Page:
As the credits rolls Friday night, my eleven friends and I sighed with rapture. We’d just finished possibly the most perfect, pure summer blockbuster we’d seen since Independence Day: the new Joss Whedon film and Marvel masterpiece The Avengers. Our brains had just been assaulted for over two hours of awesomeness on every level, and now we anxiously awaited the TWO post-credits scenes.
That’s when my friend Abby leaned over and asked the question no one wants to think about:
Who’s ever going to want to watch a superhero movie with just one hero in it anymore?
It’s an important question (one also raised by this article well). Avengers is so good. It works on every level. It’s got a clear, simple story. (So what if it’s aliens? you’re watching a comic book movie. Quit complaining.) The heroes are outstanding, and each character really pops. Tony and Bruce really are about 1,000x smarter than everyone else in the room. Black Widow and Hawkeye are crazy-dangerous and feel out of their depth. You really do just want to follow Captain America. Thor’s definitely not from around here. Nick Fury will do whatever it takes to get the job done, to save the world. Loki’s as angry, pathetic and ultimately sympathetic as ever.
The action is unreal. The stakes are huge. The humor weaves around and supports the action, rather than detracting from it. For what it is, it’s pitch-perfect.
The Avengers is what every comic book movie aspires to be and more. And that’s a huge problem for all those other comic book movies.
Let’s be clear what we’re not talking about. As Abby went on to observe:
I’m not worried about Batman. That’s totally different. But everything else?
Chris Nolan’s Dark Knight epic is a fundamentally different kind of film from The Avengers‘ blockbuster model. The Avengers (the summer blockbuster model in general) is like a rollercoaster: you’re going to be moving fast. You’re going to experience all sorts of twists and turns and, if it’s good enough, you’ll be left breathless.
But rollercoasters don’t take you anywhere. You leave the same way you got on. And that’s okay! Rollercoasters aren’t supposed to take you anywhere. They’re just about having a great time, and maybe surprising you little along the way. This is the summer blockbuster model. It’s all about big action sequences, impossible scenarios, spectacle.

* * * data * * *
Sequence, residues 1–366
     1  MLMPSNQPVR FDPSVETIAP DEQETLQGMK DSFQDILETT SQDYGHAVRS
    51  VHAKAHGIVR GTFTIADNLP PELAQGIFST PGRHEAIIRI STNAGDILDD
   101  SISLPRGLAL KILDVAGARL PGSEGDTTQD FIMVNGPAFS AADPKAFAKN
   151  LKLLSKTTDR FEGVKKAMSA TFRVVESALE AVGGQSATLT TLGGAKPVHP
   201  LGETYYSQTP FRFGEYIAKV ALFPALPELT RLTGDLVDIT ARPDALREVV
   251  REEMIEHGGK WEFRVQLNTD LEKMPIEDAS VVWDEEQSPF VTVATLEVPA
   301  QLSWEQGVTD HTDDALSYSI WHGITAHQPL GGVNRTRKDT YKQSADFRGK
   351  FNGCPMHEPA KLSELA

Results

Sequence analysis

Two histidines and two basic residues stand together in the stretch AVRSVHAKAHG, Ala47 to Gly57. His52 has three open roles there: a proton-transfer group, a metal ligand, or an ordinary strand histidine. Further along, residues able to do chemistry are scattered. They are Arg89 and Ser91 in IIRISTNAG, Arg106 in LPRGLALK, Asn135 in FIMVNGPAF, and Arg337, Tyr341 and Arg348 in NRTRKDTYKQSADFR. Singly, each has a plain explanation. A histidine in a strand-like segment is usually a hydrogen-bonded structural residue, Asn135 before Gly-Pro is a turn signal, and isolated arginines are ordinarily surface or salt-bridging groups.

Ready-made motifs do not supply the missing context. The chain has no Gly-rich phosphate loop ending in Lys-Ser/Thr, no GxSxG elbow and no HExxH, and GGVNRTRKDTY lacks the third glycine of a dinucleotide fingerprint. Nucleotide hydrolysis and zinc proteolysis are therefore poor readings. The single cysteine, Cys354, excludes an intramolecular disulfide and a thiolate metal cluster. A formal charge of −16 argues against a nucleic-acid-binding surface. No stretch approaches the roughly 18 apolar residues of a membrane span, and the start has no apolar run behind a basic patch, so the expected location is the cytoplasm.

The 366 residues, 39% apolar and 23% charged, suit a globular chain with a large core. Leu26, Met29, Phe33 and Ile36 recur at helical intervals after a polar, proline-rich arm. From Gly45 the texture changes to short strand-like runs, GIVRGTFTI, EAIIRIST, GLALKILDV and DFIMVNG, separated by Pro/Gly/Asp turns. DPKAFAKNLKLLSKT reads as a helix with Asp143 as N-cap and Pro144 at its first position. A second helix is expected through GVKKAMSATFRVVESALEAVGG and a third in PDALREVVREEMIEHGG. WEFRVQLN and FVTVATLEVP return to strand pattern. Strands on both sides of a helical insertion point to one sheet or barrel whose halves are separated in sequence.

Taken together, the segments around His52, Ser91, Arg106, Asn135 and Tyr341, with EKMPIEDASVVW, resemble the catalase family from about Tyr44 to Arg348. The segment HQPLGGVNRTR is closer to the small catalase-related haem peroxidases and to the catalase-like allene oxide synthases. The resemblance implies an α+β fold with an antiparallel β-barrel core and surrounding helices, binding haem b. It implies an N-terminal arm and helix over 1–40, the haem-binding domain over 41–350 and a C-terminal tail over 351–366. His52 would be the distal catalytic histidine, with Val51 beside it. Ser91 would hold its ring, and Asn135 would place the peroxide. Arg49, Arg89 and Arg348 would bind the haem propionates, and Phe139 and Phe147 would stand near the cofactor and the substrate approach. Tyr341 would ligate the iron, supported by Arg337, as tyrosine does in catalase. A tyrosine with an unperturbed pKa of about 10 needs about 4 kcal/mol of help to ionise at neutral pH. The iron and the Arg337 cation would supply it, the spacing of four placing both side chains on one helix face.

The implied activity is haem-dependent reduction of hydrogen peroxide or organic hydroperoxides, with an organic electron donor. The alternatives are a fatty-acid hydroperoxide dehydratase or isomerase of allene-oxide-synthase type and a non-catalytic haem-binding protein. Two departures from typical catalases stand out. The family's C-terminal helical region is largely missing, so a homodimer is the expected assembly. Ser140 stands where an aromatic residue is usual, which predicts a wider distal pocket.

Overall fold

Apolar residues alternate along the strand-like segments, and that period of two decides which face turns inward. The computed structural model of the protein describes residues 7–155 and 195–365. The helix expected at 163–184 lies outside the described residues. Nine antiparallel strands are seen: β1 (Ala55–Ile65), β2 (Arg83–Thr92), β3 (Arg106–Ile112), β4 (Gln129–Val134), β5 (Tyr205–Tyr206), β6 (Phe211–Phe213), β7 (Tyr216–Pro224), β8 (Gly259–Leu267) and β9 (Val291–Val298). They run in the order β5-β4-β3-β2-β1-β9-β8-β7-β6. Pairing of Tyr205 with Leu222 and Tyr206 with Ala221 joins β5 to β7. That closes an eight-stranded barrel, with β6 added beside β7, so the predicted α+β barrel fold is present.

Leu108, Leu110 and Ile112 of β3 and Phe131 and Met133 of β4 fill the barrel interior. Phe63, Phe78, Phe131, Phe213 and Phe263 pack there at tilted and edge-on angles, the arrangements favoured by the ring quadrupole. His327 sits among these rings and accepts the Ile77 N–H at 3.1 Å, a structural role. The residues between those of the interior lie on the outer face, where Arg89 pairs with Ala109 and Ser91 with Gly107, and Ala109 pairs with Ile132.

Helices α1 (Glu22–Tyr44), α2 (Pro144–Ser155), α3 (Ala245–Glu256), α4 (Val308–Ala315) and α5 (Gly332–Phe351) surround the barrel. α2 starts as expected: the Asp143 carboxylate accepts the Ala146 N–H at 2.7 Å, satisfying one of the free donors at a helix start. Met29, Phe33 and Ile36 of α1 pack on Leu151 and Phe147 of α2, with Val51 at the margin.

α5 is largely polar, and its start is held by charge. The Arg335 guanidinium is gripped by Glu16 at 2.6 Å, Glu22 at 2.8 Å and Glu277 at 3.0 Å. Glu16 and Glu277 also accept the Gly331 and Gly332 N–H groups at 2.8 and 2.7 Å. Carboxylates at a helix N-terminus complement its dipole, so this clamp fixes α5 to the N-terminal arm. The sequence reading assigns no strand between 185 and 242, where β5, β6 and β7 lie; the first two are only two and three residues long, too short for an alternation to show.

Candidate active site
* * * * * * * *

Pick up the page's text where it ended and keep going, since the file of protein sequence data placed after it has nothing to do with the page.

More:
The Dark Knight saga on the other hand, is more like a road trip. You’re going to go fast, sometimes. You’ll definitely have some twists and turns, lots of unexpected adventure. But at the end of the trip, you’ve gone somewhere. You arrive at a very different place than you left. You’re changed.
The best scenes in The Dark Knight? Not the huge explosions. Not the adventure. It was Joker in the room with all the mobsters. Batman and Joker in the interrogation room. Harvey and Joker in the hospital. The conversation Batman and Joker have after the huge, action-packed fight sequence.
The Avengers is a fundamentally different film. No matter how awesome the individual character moments are (and they are incredibly good), they can’t compete with the knock-down, drag-out, no-holds-barred final battle for Manhattan.
In true, pure Summer Blockbuster form, The Avengers takes us on a wild rollercoaster and leaves us breathless and begging for more.
Green Lantern 2 won’t be able to compete with that. Neither will The Wolverine. I’m not even sure Iron Man 3 or Thor 2 has a chance. How could they? If we’re expecting spectacle, how could 1 hero (or even 2 or 3) compete with the sheer, unbridled amazingness of The Avengers? They can’t.
Thanks to The Avengers, the age of the single-super-hero-spectacle film is over. Most super-hero films simply aren’t going to have the budge or talent to create spectacle as huge as The Avengers achieved. Like all things, the genre is going to have to change or it’s going to die.
Super-hero movies must become more character- and story-driven if they want to thrive in a post-Avengers world.
Studios would do well to take a page from Christopher Nolan’s book. That doesn’t mean making all the super-hero movies dark and angsty (I’m looking at you, Green Lantern and Amazing Spider-Man). It does mean that filmmakers take super-hero source material seriously.
There’s a reason comics have been selling so well for so long: they’re great stories. And you can’t simply use a comic as the storyboards for your movie (unless you’re Frank Miller, I suppose). But the long, rich comic history of these super-characters is fertile soil for an excellent story.
Batman Begins drew heavily on Batman: Year One by Frank Miller. The Dark Knight‘s iconic, immortal Joker is the film incarnation of Alan Moore’s The Killing Joke, and the larger plot draws on Jeph Loeb’s The Long Halloween. And The Dark Knight Rises is straight from the pages of the epic Knightfall storyline from the 90s.
Nolan combined all these excellent, foundational stories with his expertise in film to create pieces of art that will stand the test of time.
Future super-hero films would do well to emulate Nolan’s tactics. If the new Spider-man series succeeds, it will be because it draws heavily on Brian-Michael Bendis’ reimagining of Spider-man in Marvel’s Ultimate universe. If the Green Lantern films have a chance of bouncing back from the first movie, it’ll be because the movie-makers realize we don’t want to see a whiny, insecure Hal Jordan. We like him because he’s a cocky jerk. If any Superman film ever works, it’ll be because someone figured out how to tell a story about ideals incarnate in an increasingly cynical world. And so on…
The Avengers is what we’ve been waiting for. It’s time for Hollywood to stop focusing on spectacle and start telling us good stories again instead.
Because if The Avengers proves anything, it’s that spectacle isn’t the enemy of a good story and strong characters (are you reading, Michael Bay?).